As in Experiment 1, the observers in Experiment 2 completed three blocks of trials (8Alone, 8Partition, and 16Alone). In Experiment 2, however, the memory groups were all semantically related and could fall into the categories mentioned above: “Jewelry Store,” “Grocery Store,” “Candy Store,” or “Kitchen.” All distractors were pulled from the same category. During the 8Partition block, two categories were used and 100 items were chosen from each of the categories, in order to match the frequency at which any particular item could be seen with the frequencies in the other, single-category blocks. The memorization portion was the same as in Experiment 1, except that the subset comparison test was no longer necessary, since distinguishing between the groups was trivial. All other procedures were identical to those of Experiment 1B. That is, no lures were included in this experiment.
An ANOVA on RTs (Fig. 3, right) comparing the three conditions (8Alone, 8Partition, and 16Alone) and the two visual set sizes (6 and 12) showed significant effects of condition [F(2, 30) = 4.4, p = .02, η G 2 = .05] and visual set size [F(1, 15) = 360.8, p < .001, η G 2 = .51]. However, the interaction was not significant [F(2, 30) = 0.3, η G 2 < .001]. Planned comparisons showed that the 16Alone and 8Alone conditions differed significantly [t(15) = 3.78, p = .002]. Again, the 8Partition condition differed significantly from the 8Alone condition [t(15) = 2.25, p = .04] but was not statistically distinguishable from the 16Alone condition [t(15) = 0.35, p = .73].
Even when using divisions based on semantically congruent categories (e.g., jewelry in the jewelry store or produce in the grocery store), search was still indistinguishable from search of the entire memory set. Additionally, RTs in the 8Partition condition differed significantly from those in the 8Alone condition. Therefore, the categorical subsets were not sufficient to allow observers to limit their search exclusively to the currently relevant subset of items in memory. There were no lures in Experiment 2 because all of the distractors were pulled from the same categories.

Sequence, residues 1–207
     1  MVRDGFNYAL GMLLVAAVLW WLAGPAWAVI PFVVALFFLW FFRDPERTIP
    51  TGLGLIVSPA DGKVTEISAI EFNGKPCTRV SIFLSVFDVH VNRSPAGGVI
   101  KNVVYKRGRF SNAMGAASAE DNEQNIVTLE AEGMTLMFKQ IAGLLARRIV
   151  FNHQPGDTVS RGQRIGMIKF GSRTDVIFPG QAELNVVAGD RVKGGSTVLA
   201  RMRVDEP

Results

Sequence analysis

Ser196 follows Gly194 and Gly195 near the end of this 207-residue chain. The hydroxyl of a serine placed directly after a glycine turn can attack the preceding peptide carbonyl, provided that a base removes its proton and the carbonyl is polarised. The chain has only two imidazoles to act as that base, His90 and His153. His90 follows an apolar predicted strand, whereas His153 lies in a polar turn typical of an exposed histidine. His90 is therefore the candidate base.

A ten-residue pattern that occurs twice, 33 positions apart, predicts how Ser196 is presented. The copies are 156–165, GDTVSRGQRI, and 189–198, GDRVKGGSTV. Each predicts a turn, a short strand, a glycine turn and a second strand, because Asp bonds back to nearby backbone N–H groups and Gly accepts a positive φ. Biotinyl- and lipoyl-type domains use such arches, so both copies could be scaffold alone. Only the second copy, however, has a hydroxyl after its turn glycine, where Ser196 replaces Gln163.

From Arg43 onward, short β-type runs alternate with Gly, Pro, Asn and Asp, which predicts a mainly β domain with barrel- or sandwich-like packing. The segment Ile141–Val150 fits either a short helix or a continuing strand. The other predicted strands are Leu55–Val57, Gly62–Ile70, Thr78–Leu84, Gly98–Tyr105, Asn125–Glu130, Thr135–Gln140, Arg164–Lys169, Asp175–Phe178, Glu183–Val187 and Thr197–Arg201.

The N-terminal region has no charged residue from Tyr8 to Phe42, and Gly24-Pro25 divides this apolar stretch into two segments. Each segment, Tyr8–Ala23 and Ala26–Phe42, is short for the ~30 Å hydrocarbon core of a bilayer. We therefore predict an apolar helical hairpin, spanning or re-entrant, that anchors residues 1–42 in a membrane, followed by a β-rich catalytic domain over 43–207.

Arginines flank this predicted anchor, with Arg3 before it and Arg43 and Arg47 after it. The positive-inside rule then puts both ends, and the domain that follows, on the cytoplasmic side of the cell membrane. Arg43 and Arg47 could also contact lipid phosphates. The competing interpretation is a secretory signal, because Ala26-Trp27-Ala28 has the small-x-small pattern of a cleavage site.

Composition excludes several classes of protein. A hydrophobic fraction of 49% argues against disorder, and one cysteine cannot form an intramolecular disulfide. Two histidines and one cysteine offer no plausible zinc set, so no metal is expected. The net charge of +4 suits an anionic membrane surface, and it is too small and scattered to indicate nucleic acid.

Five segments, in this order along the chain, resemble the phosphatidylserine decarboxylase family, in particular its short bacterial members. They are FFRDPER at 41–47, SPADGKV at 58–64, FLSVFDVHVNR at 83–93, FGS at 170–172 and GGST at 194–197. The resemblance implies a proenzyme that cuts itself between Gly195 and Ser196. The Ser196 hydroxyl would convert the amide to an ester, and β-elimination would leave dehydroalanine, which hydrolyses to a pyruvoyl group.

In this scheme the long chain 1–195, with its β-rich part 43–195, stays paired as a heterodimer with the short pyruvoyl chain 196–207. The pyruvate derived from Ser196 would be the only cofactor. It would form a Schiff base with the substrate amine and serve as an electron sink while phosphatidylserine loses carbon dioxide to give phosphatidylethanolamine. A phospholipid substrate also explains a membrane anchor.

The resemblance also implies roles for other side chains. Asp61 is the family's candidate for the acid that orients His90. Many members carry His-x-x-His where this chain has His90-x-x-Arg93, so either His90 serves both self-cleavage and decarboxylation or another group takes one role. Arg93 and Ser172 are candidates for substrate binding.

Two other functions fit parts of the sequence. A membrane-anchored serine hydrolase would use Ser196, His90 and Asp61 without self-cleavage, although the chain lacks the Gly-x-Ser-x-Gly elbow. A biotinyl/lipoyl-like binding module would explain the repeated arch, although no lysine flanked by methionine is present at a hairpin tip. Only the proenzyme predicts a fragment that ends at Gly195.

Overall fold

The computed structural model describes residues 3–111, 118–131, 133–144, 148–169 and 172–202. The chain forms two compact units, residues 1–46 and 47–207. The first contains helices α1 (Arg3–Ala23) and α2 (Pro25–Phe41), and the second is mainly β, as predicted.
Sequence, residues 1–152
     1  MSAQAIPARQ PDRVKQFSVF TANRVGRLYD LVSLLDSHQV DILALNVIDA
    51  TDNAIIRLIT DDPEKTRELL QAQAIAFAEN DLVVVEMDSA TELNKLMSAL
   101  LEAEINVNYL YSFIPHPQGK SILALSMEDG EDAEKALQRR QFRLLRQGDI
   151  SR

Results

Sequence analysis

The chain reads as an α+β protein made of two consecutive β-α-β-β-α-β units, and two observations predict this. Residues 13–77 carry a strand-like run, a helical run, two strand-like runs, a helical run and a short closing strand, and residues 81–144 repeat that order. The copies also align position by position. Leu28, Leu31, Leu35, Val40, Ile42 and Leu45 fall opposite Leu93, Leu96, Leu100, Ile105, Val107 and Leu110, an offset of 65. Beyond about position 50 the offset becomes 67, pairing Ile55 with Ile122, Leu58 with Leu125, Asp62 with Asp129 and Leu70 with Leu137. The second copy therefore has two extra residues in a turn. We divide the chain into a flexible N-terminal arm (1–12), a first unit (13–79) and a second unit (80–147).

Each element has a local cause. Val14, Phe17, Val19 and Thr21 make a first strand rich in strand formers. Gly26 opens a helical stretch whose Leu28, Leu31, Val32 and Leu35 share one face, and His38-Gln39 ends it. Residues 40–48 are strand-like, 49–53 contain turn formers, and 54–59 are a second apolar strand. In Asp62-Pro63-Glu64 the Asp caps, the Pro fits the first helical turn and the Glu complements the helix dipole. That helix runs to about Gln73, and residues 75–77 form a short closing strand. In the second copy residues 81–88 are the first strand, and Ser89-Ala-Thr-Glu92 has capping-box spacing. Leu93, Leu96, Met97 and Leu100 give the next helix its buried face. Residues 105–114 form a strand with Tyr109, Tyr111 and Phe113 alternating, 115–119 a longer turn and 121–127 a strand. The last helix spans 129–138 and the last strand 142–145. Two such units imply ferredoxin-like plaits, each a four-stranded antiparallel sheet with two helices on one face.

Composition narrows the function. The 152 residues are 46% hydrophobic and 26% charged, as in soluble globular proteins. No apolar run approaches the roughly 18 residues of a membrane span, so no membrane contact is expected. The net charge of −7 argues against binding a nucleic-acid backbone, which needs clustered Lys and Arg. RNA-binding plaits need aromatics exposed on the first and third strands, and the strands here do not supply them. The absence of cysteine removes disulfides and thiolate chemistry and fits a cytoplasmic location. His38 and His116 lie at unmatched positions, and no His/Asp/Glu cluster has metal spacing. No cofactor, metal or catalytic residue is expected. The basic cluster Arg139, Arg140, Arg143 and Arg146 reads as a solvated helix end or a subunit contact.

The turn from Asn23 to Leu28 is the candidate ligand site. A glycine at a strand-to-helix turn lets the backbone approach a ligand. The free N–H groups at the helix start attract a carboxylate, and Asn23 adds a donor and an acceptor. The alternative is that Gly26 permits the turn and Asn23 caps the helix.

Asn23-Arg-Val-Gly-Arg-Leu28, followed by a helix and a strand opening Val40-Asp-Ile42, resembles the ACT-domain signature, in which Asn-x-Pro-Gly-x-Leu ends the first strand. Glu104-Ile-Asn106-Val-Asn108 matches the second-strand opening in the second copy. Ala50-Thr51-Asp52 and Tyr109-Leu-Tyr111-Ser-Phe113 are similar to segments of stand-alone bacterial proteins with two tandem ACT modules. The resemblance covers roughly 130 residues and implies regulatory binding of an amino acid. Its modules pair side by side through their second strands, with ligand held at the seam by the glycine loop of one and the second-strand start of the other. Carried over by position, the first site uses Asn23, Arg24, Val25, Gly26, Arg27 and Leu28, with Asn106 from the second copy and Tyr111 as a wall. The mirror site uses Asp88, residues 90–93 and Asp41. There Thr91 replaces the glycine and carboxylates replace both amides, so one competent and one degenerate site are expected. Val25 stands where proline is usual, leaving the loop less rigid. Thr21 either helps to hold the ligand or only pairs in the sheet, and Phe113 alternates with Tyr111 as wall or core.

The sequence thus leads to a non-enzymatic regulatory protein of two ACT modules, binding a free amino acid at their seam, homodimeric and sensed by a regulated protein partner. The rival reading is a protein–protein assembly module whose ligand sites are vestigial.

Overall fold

Experiment 3a and 3b: Taking items off the list
At the outset of this article, we invoked the shopping list as a real-world example of hybrid search. However, there is a fundamental difference between our shopping list experiences and the experiments discussed thus far. Once you find the carton of milk, you can remove it from the list. Unlike the experimental situation, you are not going to randomly find yourself acquiring milk every few trials. Is this task, with an ever-shrinking memory set, more natural than the subset switching tasks in Experiments 1 and 2? In this task, as you cross items off a mental shopping list, the list becomes smaller. If the list relevant to the hybrid search also becomes smaller, then RTs should become faster as the number of remaining items shrinks. Experiments 3a and 3b search for (and fail to find) this effect.
For Experiments 3a and 3b, 13 observers apiece were recruited (Exp. 3a: mean age 29.6 years, seven females, six males; 3b: mean age 31.3 years, eight females, five males) from the general population in Cambridge, Massachusetts. One of the observers in Experiment 3a had high error rates (above two standard deviations from the mean), and was therefore not included in the analysis. All participants gave informed consent and were compensated $10/h for their participation. The Partners Healthcare Corporation Institutional Review Board approved all experimental procedures.
Stimuli and apparatus
Observers were run at the Visual Attention Laboratory of Brigham & Women’s Hospital and Harvard Medical School on 24-in. iMac computers running OS X 10.8.5. The stimuli were chosen from the over 2,000 objects used in the picture memory experiments of Brady et al. (2008), and they subtended approximately 3.2° at a 60-cm viewing distance.